The so-called “right hook” referenced in a recent article on the safety challenges facing bicyclists in American cities is termed “a common and devastating crash.” It occurs when a commercial truck makes a sudden right turn in front of a biker riding on the right side of the truck.
That maneuver can catch a bicyclist — or even a pedestrian out walking — by surprise.
And when it does, the consequences can be severe — indeed, often fatal. A biker or pedestrian involved in a right-hook accident can hit the side of a truck and be swept underneath it.
How often does such a horrific accident occur in municipalities in California and across the country?
Although no definitive crash-related numbers are available from a national perspective, data from one state is certainly instructive. In one measuring period confined to New York City, for example, it was revealed that, although trucks comprised less than four of every 100 vehicles on city streets, they were involved in more than 12 percent of all vehicle-related accidents that killed pedestrians.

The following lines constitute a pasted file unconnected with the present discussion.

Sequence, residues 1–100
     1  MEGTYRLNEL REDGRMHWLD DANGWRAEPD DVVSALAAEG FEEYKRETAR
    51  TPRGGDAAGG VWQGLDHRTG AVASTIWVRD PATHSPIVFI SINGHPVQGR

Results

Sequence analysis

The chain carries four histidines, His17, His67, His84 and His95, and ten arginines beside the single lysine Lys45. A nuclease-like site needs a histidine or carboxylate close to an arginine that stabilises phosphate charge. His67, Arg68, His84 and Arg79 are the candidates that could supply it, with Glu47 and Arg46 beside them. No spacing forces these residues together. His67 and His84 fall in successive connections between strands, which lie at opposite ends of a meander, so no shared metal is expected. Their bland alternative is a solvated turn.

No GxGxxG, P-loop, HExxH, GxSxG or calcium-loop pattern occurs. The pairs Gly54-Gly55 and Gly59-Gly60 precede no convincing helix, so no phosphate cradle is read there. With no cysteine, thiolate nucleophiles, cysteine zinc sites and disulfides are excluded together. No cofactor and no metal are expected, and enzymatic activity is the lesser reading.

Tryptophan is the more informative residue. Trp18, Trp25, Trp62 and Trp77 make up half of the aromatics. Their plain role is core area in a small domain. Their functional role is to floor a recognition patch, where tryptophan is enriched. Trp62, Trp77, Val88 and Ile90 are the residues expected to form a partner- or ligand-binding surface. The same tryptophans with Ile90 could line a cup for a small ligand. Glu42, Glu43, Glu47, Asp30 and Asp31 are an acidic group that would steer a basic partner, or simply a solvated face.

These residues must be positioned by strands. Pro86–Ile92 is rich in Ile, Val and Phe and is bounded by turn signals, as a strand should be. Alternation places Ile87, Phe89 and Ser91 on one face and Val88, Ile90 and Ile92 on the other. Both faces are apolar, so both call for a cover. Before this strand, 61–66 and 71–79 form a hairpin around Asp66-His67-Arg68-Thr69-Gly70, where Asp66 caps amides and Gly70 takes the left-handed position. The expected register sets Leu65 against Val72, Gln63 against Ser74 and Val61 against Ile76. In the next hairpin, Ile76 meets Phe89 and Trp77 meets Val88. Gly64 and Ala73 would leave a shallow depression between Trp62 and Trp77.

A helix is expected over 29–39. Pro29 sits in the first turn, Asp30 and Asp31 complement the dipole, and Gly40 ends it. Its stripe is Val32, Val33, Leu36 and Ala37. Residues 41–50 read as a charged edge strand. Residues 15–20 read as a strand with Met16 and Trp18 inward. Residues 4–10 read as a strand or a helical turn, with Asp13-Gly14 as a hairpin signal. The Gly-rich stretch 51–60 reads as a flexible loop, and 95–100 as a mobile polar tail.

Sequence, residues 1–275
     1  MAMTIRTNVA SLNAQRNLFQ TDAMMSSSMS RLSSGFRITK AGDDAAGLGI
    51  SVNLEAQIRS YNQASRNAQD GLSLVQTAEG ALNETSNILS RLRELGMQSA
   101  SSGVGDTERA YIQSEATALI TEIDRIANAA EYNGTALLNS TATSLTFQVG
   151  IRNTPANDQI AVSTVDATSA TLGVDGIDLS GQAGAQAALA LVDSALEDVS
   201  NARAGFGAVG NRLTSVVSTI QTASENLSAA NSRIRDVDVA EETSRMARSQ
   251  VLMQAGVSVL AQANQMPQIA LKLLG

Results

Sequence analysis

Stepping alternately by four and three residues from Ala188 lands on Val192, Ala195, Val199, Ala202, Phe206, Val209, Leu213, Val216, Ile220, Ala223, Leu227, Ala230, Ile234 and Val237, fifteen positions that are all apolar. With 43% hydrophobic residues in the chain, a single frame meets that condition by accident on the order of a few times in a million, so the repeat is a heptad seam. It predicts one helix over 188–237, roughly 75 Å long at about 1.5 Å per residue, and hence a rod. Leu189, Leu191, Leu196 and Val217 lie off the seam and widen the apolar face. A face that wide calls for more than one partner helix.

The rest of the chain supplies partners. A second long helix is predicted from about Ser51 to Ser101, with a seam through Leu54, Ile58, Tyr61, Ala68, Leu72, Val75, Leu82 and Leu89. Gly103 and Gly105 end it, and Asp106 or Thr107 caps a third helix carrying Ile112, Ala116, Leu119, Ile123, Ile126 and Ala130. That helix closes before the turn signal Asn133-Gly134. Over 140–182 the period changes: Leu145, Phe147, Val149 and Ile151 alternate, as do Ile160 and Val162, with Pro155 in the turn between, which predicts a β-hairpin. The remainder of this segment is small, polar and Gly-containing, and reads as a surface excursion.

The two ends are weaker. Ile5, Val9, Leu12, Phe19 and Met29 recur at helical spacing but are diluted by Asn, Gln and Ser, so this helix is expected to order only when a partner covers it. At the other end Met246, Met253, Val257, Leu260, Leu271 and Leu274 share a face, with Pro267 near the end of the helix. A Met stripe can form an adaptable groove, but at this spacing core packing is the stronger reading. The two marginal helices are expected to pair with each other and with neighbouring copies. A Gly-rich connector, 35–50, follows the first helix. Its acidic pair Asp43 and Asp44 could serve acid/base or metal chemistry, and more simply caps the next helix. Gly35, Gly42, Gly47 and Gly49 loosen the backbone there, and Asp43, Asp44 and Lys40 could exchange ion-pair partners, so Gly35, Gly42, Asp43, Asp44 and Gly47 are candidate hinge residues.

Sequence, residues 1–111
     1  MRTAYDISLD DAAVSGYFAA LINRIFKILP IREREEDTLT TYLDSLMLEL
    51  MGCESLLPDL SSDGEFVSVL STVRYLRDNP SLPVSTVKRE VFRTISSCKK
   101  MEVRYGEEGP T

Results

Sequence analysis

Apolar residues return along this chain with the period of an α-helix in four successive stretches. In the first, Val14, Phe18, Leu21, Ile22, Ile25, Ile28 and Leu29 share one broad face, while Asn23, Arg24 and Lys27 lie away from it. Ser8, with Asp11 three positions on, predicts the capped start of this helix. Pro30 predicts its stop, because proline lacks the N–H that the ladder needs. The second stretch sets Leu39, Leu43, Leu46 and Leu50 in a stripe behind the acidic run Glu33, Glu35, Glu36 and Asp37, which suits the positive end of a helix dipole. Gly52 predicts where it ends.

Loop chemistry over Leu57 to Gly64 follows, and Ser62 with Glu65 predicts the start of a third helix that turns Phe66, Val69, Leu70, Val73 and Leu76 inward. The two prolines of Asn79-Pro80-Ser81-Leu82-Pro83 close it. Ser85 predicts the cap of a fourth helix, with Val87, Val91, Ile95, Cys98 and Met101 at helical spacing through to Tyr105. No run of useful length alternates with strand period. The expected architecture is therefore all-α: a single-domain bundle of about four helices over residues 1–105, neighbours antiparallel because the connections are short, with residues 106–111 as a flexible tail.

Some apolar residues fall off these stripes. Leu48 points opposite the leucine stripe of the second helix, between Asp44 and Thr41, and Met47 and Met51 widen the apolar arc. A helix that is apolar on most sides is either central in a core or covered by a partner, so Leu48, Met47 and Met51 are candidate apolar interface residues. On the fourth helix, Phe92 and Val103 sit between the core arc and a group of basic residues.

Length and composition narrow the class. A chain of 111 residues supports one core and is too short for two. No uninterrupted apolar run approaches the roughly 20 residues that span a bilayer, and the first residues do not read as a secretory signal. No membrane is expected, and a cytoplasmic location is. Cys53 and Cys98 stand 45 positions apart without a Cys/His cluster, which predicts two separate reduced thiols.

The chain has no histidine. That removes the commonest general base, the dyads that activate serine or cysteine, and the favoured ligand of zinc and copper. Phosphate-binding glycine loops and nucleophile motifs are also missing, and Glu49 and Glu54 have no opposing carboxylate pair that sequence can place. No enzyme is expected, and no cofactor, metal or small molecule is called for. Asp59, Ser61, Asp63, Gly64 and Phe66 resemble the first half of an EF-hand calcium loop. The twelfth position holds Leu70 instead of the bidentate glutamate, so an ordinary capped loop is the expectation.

And some safety advocates believe that dismal truck-versus-pedestrian/biker outcomes might feature with increased regularity in urban environments in the future.
“You have more trucks … at the same time that you have more bicycling and walking,” says one safety researcher and transportation engineer.
Obviously, safety-enhancing policies need to be promoted, such as urban infrastructure improvements that allow for a safer flow of traffic and that better consider the needs of walkers and bicyclists.
One relatively quick fix that a city official says might be able “to take something that would be a fatality and turn it into an injury” would be the installation of truck side guards. Those are intended to prevent bikers and walkers from sliding beneath trucks in right-hook accidents.
Every city is singular, of course, but all are common in that their environs are being increasingly marked by a progressively higher level of required space sharing among motorized vehicles, bicyclists and pedestrians.
That reality presents both challenges and opportunities for city planners.